In my experience, if you have clear and compelling answers to just three questions, then the technology is probably worthy of significant investment towards its promised impact.
What is the system?
This question is a substitute for the much more ambiguous question that we hear all the time, what is the market for the technology? The idea here is not to do a comprehensive market study but rather ask is there a real problem out there that needs solving, can the technology be a critical element to the solution, and do we understand the problem well enough to imagine the system required to solve it; technologies alone never solve problems, the systems they enable do. When we get to the systems level thinking it allows us to assess the real value of the technology: What other technologies might be needed for the complete system, and what other competing technologies could enable similar solutions? Sometimes we realize that no new technology is needed at all, and the innovative solution is the assembly of a new system from existing technologies.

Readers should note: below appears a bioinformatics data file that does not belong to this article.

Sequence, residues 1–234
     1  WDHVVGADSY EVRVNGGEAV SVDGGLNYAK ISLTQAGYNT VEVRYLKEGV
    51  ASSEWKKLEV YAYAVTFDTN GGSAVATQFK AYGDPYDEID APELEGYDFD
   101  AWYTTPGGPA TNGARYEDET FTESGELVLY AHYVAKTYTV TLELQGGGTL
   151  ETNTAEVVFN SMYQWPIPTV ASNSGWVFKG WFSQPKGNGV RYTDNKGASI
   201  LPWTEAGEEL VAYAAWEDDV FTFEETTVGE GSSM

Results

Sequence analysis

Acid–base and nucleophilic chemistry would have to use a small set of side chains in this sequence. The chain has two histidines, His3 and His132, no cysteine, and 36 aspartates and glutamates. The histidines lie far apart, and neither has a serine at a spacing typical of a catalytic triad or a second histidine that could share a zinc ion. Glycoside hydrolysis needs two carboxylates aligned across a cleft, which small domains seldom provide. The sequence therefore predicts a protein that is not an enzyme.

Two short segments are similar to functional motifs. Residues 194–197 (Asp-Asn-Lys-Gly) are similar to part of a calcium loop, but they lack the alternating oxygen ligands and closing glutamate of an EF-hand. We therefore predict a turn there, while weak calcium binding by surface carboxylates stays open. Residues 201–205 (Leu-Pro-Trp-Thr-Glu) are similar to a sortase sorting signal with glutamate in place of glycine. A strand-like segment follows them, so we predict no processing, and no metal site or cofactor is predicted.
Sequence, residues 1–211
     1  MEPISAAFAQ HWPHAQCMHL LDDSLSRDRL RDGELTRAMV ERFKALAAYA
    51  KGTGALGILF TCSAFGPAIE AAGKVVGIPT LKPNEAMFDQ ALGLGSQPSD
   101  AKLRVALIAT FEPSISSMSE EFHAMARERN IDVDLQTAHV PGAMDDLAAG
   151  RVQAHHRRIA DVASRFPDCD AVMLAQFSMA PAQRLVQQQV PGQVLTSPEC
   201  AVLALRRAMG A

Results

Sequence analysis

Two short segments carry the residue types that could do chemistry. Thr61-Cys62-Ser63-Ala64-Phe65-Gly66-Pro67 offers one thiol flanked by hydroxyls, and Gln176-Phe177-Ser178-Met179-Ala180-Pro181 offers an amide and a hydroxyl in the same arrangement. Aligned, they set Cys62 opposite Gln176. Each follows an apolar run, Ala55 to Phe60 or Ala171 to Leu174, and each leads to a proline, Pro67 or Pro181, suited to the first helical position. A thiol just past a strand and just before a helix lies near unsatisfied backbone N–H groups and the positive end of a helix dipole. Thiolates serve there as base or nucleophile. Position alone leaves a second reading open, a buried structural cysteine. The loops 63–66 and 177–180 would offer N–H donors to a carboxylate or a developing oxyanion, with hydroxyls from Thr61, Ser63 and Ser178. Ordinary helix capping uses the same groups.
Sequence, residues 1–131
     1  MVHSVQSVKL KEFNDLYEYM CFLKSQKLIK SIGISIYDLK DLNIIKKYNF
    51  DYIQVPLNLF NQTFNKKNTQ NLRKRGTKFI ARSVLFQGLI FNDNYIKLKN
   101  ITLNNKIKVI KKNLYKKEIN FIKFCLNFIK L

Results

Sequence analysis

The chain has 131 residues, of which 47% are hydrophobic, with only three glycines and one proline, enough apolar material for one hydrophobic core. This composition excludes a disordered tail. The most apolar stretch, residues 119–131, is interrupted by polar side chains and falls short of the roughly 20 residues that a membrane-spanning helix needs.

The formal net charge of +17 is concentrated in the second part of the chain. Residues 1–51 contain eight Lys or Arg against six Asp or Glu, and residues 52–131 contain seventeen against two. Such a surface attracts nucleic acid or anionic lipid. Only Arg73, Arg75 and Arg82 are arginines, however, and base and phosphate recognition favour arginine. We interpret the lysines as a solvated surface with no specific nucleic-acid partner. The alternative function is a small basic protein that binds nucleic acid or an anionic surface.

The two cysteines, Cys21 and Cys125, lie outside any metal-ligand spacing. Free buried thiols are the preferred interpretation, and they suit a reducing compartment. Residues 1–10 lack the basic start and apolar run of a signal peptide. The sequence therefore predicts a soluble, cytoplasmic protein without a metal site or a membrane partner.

One example is the Source water production system from Zero Mass Water. The enabling emerging technology is a proprietary material that absorbs water vapor from the air. Zero Mass Water took this material and designed a system around it that uses photovoltaics to produce heat and electricity to recover the absorbed water. The system extracts water from air – up to 5L per day from a single Source module – and can operate completely independent from any source of electricity making it a robust distributed means for providing clean drinking water anywhere. Multiple Source units can be combined to increase the volume of water produced. As part of this systems approach the company has also developed innovative financing options to enable broad access of the system to those in need of clean water.
If we can talk about the technology in the context of a system that we can also describe, and, as importantly, make it very clear that there is a clear and “durable” need (that is, a problem that has been identified but has been tough to solve before) that this system will solve, then it is reasonable to expect there will be a market for the technology. We can also ask what the value of solving the problem is and use that as the value enabled by the technology.